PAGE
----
- Vapor barrier below the slab
- Interface between stucco to the fenestration systems (windows/doors) including spacing and sealants
- Slope of grade
- Design errors or omissions
- Openings created by other trades
- Inappropriate materials or material failure
The Moving Parts of a Construction Project
Numerous parties are involved in construction projects, including owners, developers, architects, designers, engineers, contractors, subcontractors, and material suppliers. Discussions between these parties can result in the transfer of risk from one party to another through contractual agreements. Owners and developers often assume limited responsibility and risk for construction quality, separating themselves from the project's design, construction, and material supply aspects. This detachment helps minimize the potential for claims of errors and omissions (E&O) or negligence at a later stage.
Design professionals, such as architects and engineers, are bound by their contracts and industry standards, including the standard of care. Changes made during construction can raise questions about whether the design professionals should have allowed these modifications. Boilerplate contracts have generally been effective in protecting design professionals, but there have been instances where the margin of victory was narrow. With the evolving landscape of construction defect claims and litigation, the industry may need to brace itself for potential complications if a case takes an unexpected turn.
Contrasting design professionals, contractors have faced more challenges in litigious cases of this nature. General contractors are contractually obligated to construct buildings in accordance with the contract, plans, and specifications. Allegations of defects often stem from deviations from these documents. When general contractors hire subcontractors, the language in contract documents becomes crucial. For example, contractual terms may explicitly hold the general contractor responsible for the actions and omissions of subcontractors. This complexity involving subcontractors can impact the insurance industry and indemnity obligations.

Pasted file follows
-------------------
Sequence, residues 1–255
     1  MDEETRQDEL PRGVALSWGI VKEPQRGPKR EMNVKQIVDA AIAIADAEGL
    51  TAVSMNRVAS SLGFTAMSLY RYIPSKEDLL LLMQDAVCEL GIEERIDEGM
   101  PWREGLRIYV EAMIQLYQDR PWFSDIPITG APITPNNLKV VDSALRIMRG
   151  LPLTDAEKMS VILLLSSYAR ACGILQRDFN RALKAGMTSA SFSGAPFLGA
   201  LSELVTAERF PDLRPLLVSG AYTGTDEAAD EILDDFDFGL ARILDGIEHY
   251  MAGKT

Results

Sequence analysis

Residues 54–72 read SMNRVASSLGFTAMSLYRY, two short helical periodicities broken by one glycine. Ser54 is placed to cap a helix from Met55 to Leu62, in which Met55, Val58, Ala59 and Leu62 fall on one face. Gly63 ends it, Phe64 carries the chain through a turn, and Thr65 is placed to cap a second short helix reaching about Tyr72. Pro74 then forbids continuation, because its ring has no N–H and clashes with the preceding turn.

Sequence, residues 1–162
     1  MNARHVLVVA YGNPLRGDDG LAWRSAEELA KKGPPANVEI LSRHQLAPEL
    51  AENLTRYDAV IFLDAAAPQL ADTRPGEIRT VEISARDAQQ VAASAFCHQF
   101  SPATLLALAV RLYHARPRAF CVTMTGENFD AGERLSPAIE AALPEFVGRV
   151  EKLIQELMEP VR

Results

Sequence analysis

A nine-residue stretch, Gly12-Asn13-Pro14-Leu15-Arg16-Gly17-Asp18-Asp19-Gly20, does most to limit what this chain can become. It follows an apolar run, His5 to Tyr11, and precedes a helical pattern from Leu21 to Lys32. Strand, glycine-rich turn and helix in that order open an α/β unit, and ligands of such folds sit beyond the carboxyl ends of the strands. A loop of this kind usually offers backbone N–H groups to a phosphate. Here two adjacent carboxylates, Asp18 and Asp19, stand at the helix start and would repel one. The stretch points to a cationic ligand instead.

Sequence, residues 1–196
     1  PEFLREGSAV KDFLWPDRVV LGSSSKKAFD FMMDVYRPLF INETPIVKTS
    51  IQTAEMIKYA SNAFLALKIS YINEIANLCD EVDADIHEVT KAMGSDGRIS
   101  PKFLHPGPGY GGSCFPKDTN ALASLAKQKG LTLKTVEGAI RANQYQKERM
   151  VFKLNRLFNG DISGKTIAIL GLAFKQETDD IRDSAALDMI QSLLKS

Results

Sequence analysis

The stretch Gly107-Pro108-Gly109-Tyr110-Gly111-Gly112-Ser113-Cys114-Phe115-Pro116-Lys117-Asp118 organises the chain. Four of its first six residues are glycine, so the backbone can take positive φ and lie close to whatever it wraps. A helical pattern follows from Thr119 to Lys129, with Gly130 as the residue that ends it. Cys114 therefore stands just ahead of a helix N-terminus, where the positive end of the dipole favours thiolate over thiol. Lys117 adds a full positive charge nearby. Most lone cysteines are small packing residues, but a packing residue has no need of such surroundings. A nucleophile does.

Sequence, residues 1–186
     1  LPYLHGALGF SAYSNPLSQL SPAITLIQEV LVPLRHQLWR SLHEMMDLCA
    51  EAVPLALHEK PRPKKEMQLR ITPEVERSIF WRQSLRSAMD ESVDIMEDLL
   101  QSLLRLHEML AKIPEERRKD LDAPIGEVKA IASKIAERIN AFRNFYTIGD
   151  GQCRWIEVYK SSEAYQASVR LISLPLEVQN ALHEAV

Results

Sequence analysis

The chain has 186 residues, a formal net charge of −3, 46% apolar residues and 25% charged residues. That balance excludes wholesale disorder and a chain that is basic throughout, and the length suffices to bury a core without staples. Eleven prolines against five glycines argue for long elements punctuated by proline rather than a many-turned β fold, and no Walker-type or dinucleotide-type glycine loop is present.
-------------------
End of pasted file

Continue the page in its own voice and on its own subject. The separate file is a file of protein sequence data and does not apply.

As laws and legal precedents surrounding construction defects continue to evolve, it is crucial to reflect on past mistakes and incorporate lessons learned into future decision-making. Effective communication and education play a vital role in this process. Establishing clear channels of communication among developers, designers, contractors, and subcontractors can significantly reduce the likelihood of issues arising that may result in construction defects.
Adapting to the current landscape of stucco claims, ranging from unfounded to genuine, requires proactive measures. While completely avoiding stucco claims may not be possible, being well-prepared is essential. Just as communication and education are crucial in preventing construction defects during the design and construction phases, they are equally important in the claims process to prevent any missteps or mishandling of the situation. By prioritizing effective communication and continuous education, stakeholders can better navigate the challenges posed by stucco claims.